Suns In Your Eyes? Hit or Error?
If you have ever kept score using baseball score sheets you may have encountered the following scoring decision. A lazy fly ball is hit directly at the right field. The right fielder camps under the ball. While waiting for the ball to come down the sun suddenly peeks out from behind a cloud. Now the right fielder looses track of the ball and quints to recapture it. But before the player has react the ball hits the ground and the batter is on second base.
Do you score it a Hit? An error? What's the correct call? Who makes the call? The answer to this question is pretty consistent, and it's based on the fact if the player touched the ball or not.
The official scorer is responsible for determining if an error should be charged or a hit credited. If the right fielder did not touch the ball the official scorer will almost always record it as a hit in the baseball score sheet.
If the fielder touched it on the way down, the official scorer will usually charge the fielder with an error in the baseball scoresheet.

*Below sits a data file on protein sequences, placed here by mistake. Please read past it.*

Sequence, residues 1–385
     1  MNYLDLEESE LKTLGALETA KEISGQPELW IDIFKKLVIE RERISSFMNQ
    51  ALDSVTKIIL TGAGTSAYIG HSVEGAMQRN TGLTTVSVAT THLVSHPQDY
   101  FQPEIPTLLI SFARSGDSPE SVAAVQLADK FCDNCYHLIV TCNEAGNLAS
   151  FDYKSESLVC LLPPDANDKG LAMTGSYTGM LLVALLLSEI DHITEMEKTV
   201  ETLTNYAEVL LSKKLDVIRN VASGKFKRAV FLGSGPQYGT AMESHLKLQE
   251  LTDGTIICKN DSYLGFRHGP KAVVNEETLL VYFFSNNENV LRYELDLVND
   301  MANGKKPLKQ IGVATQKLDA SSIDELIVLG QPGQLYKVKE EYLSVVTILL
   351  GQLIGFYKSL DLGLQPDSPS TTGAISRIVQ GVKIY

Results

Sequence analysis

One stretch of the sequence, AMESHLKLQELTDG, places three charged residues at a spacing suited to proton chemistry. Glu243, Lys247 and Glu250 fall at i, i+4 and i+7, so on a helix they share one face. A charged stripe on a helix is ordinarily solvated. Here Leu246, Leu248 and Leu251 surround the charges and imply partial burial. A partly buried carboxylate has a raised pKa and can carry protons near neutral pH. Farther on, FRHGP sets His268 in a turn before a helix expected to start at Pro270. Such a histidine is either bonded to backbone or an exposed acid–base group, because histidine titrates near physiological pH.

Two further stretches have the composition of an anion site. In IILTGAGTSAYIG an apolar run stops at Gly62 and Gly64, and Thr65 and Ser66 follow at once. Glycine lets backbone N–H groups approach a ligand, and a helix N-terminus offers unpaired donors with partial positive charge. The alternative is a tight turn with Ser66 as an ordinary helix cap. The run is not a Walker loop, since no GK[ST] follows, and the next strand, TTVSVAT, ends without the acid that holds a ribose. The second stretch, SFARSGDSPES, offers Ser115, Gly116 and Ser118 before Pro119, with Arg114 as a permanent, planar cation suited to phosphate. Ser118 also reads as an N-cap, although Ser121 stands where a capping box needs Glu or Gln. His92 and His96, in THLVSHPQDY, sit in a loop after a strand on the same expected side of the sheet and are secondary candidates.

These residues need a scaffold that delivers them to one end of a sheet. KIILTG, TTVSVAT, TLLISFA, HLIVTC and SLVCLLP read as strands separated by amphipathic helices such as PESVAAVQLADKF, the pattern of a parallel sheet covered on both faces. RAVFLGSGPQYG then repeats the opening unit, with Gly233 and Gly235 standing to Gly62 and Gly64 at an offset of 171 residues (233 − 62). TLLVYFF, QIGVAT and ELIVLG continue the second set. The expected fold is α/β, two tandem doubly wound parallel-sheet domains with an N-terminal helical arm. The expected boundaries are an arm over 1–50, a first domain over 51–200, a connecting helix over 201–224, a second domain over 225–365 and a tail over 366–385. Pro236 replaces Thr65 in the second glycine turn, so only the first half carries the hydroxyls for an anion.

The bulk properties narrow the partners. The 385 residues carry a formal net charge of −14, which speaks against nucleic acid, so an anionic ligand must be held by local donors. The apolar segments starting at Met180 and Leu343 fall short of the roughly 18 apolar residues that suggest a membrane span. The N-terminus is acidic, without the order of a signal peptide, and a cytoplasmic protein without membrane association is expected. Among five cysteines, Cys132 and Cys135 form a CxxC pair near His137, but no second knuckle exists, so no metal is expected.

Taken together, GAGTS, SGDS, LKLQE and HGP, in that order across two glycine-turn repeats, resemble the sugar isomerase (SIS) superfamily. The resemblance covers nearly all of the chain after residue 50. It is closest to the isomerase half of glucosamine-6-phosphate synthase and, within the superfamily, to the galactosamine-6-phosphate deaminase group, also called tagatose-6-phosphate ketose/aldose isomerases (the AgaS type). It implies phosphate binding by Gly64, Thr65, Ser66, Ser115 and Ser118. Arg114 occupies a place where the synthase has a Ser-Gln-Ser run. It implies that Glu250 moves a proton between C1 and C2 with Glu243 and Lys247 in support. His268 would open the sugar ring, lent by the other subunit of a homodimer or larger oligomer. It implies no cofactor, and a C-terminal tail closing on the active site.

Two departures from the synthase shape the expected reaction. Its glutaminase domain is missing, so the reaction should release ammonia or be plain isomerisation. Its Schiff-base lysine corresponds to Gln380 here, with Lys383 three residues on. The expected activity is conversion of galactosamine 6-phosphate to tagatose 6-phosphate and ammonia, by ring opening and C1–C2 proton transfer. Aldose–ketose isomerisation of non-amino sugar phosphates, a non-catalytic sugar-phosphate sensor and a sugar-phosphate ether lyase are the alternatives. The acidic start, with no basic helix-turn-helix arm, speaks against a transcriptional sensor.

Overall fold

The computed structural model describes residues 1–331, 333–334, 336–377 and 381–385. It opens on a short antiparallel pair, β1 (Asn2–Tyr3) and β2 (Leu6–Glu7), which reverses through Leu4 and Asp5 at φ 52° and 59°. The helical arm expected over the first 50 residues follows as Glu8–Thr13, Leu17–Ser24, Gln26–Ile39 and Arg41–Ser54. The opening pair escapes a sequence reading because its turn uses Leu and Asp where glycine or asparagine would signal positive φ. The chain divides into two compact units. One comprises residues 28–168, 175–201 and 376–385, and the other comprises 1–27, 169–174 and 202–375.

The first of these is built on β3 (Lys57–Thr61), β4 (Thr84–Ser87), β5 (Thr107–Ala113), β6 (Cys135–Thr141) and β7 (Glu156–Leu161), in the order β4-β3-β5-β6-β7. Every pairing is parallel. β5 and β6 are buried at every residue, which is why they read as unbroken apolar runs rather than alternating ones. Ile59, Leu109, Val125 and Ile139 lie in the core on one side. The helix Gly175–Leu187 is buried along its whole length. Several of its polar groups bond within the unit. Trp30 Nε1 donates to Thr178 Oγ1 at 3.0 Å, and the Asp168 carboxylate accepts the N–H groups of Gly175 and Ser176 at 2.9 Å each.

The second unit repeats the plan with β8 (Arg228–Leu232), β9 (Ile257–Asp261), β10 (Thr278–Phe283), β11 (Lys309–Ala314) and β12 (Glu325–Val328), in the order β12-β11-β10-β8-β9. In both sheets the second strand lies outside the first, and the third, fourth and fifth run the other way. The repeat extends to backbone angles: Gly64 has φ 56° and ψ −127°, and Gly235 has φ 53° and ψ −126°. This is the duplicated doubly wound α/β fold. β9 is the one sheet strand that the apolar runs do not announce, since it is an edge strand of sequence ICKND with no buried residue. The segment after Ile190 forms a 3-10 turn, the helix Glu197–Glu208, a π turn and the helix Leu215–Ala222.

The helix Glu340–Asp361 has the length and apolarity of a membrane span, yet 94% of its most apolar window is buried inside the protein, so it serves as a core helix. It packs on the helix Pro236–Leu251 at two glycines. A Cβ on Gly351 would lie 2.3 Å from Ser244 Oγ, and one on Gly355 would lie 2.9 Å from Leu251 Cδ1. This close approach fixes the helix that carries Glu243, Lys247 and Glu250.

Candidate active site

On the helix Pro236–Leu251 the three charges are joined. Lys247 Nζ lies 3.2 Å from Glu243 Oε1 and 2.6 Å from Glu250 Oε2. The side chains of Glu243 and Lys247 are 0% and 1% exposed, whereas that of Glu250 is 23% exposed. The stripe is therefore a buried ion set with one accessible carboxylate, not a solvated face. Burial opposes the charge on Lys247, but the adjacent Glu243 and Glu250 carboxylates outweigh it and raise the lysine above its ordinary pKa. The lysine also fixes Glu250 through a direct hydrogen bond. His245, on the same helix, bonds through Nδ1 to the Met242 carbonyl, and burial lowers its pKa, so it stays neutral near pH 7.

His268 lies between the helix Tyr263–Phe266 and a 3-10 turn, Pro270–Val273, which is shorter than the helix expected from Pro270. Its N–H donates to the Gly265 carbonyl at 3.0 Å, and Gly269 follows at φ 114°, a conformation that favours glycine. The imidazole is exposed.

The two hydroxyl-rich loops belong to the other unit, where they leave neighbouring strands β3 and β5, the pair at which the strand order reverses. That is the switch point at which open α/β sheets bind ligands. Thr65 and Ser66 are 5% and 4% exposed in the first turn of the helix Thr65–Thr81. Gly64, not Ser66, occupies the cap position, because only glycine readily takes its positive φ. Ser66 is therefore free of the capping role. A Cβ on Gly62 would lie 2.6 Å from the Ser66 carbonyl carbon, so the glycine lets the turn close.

There is some controversy regarding this approach. At the professional baseball level, some say an error should be charged because they are professionals and that if the sun wasn't in their eyes, it would have been a routine play.
The other school considers this scenario similar to the case where a ground ball is hit directly to an infielder and the ball hits a rock and takes a bad hop, and the fielder not being able to make a play. In this case the batter is credited with a hit in the baseball score sheet.
At the youth baseball level the benefit of the doubt is always given to the hitter and therefore, you will never see the scorer enter an error in the baseball score sheet.